What is Carnitine?

Carnitine (l-Carnitine Bitartrate) is an extraordinary amino acid that actually improves the conditioning of your heart. It also improves artery disease and reportedly slows the progress of Alzheimer’s disease. Research shows that people who supplement with l-Carnitine while engaging in an exercise regimen are less likely to experience muscle soreness. Carnitine is known to improve fat oxidation and increase athletic performance.


How does it work?

Carnitine is made in the body from the amino acids Lysine and Methionine. It is needed to release energy from fat.  It transports fatty acids into mitochondria, the powerhouses of cells, which in turn makes energy available to the body. It has been reported that Carnitine increases sperm motility.


Where does it come from?

Dairy and red meat, especially lamb, contain the greatest amounts of Carnitine.


Safety / Side Effects

L-Carnitine has not been consistently linked with any toxicity.


Studies Involving Sperm

Sixty-five infertile men were divided into five groups according to their sperm analysis: normospermia (n=42), oligospermia (n=23), asthenospermia (n=42), teratospermia (n=44) and oligoasthenospermia (n=10).  Total seminal plasma Carnitine concentration differed significantly between controls and the patient groups (P<0.05).  There was a statistically significant positive correlation between seminal plasma total Carnitine concentration with total sperm count and the percentage of normal forms (P<0.05 and P<0.01, respectively).  Total Carnitine concentration was found to be low in the athenospermia group when compared with the group of patients, whose total motile sperm percentage was 51 (P<0.05).  These findings suggest that the determination of seminal Carnitine levels may be a useful test in evaluation of male infertility. (Rosa, et al, 2001)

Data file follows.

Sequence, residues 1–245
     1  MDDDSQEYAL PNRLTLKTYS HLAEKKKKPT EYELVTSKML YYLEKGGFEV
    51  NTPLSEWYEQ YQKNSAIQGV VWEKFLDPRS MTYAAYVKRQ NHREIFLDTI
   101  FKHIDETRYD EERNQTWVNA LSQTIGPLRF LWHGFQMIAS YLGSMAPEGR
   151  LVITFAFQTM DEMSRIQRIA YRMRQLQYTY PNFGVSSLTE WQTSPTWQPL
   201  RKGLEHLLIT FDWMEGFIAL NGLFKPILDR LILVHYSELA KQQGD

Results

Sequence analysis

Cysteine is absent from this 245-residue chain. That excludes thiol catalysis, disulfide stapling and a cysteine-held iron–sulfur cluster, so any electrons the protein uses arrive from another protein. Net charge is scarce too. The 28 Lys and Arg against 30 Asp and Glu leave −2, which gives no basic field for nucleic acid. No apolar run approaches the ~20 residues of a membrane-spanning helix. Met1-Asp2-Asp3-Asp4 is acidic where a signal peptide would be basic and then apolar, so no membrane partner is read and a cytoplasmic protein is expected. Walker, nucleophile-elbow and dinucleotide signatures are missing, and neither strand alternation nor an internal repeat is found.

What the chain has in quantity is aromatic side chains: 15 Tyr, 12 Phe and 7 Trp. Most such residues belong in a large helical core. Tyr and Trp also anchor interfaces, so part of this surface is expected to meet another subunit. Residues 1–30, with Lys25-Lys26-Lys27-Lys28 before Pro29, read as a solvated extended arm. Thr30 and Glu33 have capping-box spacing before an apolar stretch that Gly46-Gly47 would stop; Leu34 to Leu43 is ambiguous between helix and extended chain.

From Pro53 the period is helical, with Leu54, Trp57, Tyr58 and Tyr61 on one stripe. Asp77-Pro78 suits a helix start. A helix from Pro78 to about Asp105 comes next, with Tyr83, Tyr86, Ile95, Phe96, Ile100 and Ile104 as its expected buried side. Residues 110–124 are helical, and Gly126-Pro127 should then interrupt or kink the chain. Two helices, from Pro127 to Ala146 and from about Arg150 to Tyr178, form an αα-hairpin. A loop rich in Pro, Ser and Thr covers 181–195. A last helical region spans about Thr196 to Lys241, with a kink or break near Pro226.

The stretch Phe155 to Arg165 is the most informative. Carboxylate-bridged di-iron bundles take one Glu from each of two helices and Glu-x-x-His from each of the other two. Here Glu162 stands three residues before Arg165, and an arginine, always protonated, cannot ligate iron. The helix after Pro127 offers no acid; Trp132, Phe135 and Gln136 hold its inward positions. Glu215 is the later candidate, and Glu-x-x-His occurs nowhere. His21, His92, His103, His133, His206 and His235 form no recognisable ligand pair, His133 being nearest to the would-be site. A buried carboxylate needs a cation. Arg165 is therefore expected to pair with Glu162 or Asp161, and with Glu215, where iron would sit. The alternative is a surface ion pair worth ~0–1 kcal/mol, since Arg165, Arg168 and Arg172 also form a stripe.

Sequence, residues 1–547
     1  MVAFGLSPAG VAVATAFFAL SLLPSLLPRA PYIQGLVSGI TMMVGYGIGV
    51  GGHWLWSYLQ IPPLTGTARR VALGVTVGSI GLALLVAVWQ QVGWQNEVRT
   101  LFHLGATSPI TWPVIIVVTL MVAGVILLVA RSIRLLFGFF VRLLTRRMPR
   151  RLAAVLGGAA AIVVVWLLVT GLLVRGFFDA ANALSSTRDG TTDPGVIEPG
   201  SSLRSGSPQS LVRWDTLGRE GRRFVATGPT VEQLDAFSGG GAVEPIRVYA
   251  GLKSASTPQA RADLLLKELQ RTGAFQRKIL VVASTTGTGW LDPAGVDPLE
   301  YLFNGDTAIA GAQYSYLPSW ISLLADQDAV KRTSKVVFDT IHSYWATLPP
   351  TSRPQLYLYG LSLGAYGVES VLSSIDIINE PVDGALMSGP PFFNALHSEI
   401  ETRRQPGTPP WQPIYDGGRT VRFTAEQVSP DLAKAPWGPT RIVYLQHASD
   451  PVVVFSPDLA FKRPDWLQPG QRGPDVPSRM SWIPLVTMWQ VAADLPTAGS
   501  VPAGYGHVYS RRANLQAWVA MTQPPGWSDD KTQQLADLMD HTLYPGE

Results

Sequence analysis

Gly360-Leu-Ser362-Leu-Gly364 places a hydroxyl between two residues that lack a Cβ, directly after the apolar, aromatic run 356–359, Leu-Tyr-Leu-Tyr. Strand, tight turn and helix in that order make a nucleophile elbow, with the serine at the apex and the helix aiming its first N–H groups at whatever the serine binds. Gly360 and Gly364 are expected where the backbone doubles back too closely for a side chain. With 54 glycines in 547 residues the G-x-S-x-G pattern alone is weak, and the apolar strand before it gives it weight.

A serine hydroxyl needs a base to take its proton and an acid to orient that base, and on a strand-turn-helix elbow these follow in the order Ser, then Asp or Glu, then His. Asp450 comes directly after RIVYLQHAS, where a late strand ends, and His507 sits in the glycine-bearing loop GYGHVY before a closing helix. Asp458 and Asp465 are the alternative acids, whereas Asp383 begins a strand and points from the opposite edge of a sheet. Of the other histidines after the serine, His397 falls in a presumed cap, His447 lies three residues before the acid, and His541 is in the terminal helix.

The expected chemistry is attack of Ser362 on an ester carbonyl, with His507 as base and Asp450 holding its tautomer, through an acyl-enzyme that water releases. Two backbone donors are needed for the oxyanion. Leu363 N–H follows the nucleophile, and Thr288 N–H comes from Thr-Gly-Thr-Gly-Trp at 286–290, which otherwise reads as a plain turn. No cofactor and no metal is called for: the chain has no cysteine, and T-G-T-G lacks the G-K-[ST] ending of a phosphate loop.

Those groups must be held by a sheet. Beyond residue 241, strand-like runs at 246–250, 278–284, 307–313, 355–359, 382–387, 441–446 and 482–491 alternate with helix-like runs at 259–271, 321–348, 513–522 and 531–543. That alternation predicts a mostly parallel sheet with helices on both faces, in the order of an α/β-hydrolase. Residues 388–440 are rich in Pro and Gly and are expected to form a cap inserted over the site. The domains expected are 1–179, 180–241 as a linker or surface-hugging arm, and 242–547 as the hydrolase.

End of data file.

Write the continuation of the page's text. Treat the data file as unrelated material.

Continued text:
Certain medicines may interact with l-Carnitine.  Consult with your physician or pharmacist to determine if any of your medications might interact with this supplement.



Dr. Rosa M, Boggia B, Amalfi B, Zarrilli S, Vita A, Colao A, & Lombardi G. (2001) Correlation between seminal carnitine and functional spermatozoal characteristics in men with semen dysfunction of various origins.
Department of Molecular and Clinical Endocrinology and Oncology, University of Maples Federico II, Naples, Italy.  Miderosa@Urina.it. Drugs R D. 2005;6(1):1-9.